AYOTTE: Well, I think that he`s certainly talked about that, but he`s talked about it in the context of any type comments as opposed to specific comments to the president. And he called them disheartening and demoralizing if the comments go to the independence of the judiciary not just the merits of the case. But he`s made very clear he`s not going to comment on political matters that he can`t on judicial cannon or specific comments in response to political comments.

VAN SUSTEREN: Some trivial about Senator Ayotte, are you for the Unites States Supreme Court Justice O`Connor`s last decision.


VAN SUSTEREN: . when 9-0.

AYOTTE: I did.


AYOTTE: Thanks, Greta.

VAN SUSTEREN: . I thought I`d give you that plug. Thank you for joining us.

AYOTTE: I appreciate that. Thanks, Greta.

VAN SUSTEREN: Developing now, Ivanka Trump has taken a new White House role. We have the very latest on that. And we have live pictures in Louisville where the crowd is anticipating President Trump`s arrival. It`s a health care rally, but will he talk about what the FBI director said today in congress? We`re live in Louisville.


VAN SUSTEREN: Breaking just moments ago, NBC News reporting Ivanka Trump is joining her father`s staff at the White House. Now, she will not have an official title or get a salary, but she will have an office right in the west wing. NBC`s Peter Alexander has more. Peter?

PETER ALEXANDER, NBC NEWS: Hey, good evening to you, Greta. We`ve just confirmed this information, Ivanka Trump who moved to Washington, D.C., with her husband Jared Kushner who, of course, is a senior advisor to the president, will be taking an office on the second floor of the west wing where she will be advising her father. Those close to her say that among her priorities is to, quote, create positive value on a series of issues that are close to her. For the moment we understand that she`s in the process of getting security clearance. That she will be receiving government issued communication devices as well. Important to note, she will not officially be a federal employee, but she is I am told by sources familiar with her plans going through all the necessary motions as if that were the case with all the restrictions applying that she has been consulting with office of government ethics as well as White House attorneys. As well as for her business, she`s already taking several steps to try to distance herself from that business. Among them through the trust that she has created, the business will not be allow to use her image or her likeness in anyway in promoting their products, Greta.

VAN SUSTEREN: Peter, thank you. And the crowd in Louisville gearing up for President Trump`s arrival, he will hold a health care rally but will the FBI come up?


VAN SUSTEREN: And those are live pictures from Louisville, Kentucky. President Trump will arrive any minute. He is pushing the GOP health care bill. The all-important house vote is in just three days, and at this moment it is not clear that bill can pass the house or even pass the senate. NBC counts only 16 house Republicans opposed to or leaning against this bill. The senate looks to be tough too.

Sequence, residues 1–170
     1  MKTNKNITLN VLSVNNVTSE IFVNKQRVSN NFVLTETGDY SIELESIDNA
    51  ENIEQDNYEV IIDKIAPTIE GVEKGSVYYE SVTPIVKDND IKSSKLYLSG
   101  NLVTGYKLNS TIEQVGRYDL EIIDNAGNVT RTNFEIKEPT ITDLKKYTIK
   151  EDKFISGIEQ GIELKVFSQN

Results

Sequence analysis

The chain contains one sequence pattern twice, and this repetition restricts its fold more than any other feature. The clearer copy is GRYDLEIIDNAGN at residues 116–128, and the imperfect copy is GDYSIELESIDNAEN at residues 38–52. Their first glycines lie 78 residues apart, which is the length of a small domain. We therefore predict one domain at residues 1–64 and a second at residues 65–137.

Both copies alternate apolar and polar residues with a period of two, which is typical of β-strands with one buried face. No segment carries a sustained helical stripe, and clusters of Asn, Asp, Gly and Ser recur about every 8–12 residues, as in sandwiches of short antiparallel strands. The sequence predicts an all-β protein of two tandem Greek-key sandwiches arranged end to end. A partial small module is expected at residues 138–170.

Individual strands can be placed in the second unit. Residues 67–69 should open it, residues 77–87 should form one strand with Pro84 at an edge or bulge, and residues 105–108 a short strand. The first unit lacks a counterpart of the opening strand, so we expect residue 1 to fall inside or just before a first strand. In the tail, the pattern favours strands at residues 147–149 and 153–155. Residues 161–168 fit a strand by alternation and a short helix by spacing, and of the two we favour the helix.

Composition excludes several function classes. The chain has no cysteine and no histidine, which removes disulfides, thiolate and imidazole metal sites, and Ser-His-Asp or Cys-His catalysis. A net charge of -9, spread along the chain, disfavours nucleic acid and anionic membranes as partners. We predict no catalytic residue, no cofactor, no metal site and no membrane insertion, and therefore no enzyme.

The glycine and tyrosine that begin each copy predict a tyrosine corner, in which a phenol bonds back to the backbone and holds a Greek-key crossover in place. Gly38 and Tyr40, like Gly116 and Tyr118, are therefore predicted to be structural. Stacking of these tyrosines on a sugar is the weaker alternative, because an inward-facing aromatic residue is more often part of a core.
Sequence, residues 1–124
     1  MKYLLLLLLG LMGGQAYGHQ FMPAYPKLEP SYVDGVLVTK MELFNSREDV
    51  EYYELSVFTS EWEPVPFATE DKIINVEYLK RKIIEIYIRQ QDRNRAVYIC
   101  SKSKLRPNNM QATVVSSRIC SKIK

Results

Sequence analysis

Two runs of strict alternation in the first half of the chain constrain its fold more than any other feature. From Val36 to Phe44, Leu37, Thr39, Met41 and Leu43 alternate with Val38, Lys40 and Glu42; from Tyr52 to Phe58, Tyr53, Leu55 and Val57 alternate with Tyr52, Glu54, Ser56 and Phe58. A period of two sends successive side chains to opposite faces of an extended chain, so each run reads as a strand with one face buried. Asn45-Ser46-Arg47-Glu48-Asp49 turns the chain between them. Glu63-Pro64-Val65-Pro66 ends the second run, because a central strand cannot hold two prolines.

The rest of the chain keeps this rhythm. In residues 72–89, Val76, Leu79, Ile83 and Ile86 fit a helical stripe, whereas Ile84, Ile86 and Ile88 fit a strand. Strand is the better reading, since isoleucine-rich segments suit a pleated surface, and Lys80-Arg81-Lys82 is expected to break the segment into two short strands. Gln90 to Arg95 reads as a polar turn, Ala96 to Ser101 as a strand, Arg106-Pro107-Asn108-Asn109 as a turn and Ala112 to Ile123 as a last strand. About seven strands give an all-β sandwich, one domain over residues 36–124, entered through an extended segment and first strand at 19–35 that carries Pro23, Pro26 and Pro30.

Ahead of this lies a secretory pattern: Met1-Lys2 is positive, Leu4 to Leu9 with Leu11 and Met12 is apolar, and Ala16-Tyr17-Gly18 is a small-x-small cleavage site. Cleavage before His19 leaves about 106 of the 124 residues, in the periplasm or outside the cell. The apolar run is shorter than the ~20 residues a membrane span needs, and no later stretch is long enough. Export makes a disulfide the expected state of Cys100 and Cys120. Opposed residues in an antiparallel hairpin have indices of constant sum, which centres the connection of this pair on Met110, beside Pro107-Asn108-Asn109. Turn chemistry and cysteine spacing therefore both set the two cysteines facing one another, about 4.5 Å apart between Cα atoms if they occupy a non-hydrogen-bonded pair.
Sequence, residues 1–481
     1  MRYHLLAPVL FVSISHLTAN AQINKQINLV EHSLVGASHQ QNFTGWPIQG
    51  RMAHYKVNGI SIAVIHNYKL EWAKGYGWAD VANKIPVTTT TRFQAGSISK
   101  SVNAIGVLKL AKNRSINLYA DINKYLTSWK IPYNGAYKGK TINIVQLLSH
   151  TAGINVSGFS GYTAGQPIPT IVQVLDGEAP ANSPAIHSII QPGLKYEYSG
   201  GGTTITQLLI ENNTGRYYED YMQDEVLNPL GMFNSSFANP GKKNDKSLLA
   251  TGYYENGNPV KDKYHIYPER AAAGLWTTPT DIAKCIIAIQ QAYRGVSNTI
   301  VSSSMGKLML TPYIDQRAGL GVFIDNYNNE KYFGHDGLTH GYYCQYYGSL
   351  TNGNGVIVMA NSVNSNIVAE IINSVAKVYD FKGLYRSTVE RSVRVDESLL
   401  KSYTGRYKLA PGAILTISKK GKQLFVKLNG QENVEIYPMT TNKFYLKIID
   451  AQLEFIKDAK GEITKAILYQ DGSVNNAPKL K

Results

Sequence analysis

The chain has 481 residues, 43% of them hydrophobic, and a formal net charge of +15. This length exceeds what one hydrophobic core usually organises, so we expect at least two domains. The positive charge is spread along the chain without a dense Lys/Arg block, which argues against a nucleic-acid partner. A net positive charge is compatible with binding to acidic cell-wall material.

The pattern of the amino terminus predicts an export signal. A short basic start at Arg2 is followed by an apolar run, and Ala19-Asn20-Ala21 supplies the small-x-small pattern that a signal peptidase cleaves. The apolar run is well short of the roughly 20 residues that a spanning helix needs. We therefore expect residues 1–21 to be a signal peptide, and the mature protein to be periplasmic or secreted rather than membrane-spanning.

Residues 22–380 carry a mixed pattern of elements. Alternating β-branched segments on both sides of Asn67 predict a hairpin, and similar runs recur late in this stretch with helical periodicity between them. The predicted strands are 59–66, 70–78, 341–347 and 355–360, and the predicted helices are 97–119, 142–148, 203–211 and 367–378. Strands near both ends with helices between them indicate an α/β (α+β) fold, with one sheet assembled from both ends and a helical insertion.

(BEGIN VIDEO CLIP) TED CRUZ, U.S. SENATOR: If Republicans hold a big press conference and pat ourselves on the back that we`ve repealed Obamacare and everyone`s premiums keep going up, people will be ready to tar and feather us in the streets and quite rightly. I cannot vote for any bill that keeps premiums rising.

(END VIDEO CLIP) VAN SUSTEREN: And there`s more, because on Wednesday former Vice President Joe Biden will rally with Democrats against the GOP health care plan. One question about this rally, will President Trump also talk about today`s intelligence hearing? He`s been tweeting about the hearing all day. NBC`s Kristen Welker is in Louisville. Kristen, what are you expecting from the president tonight?

KRISTEN WELKER, NBC NEWS: Greta, good evening. I would be surprised if President Trump didn`t comment on the hearings on Capitol Hill today. As you point out, he tweeted about it throughout the day. The White House in defense stressing that so far the investigation has not shown that Russia had an actual influence on the election or that there`s been any actual collusion between the Trump campaign and Russia. And as you know at these rallies he does typically weigh in on the news of the day, headlines. However, the focus here is going to be on health care, the president really trying to sell the Republican health care proposal.

This is a state that he won overwhelmingly, Greta. But it`s also a state where Obamacare has been a success story. A million Kentuckians covered under Medicaid. Some of them could stand to lose coverage under the Republican health care law. And consider this, in 2013, 20 percent of the state didn`t have health care, and that number fell to 7.5 percent just two years later. So, a lot of Kentuckians say Obamacare is working. But, of course, it is a mixed picture. I`ve been out talking to the folks here at the rally. Trump supporters, a lot of them say they`re behind his efforts to repeal and replace Obamacare. But a number of them also say they want to make sure that any plan keeps costs low and continues to cover those with pre-existing conditions. Now, the president`s going to try to rally support here in Kentucky. But, of course, that push continues tomorrow when he visits house Republicans on Capitol Hill ahead of their big vote on Thursday, Greta.

VAN SUSTEREN: Kristen, thank you. And viewers thank you for watching. See you back here tomorrow night, 6:00 PM Eastern, if you can`t watch live set your DVR. Follow me on twitter @greta, that`s where you put all the anonymous mean things that you want to say about me. Also go to my Facebook page. Hardball with Chris Matthews starts right now. THIS IS A RUSH TRANSCRIPT. THIS COPY MAY NOT BE IN ITS FINAL FORM AND MAY BE UPDATED. END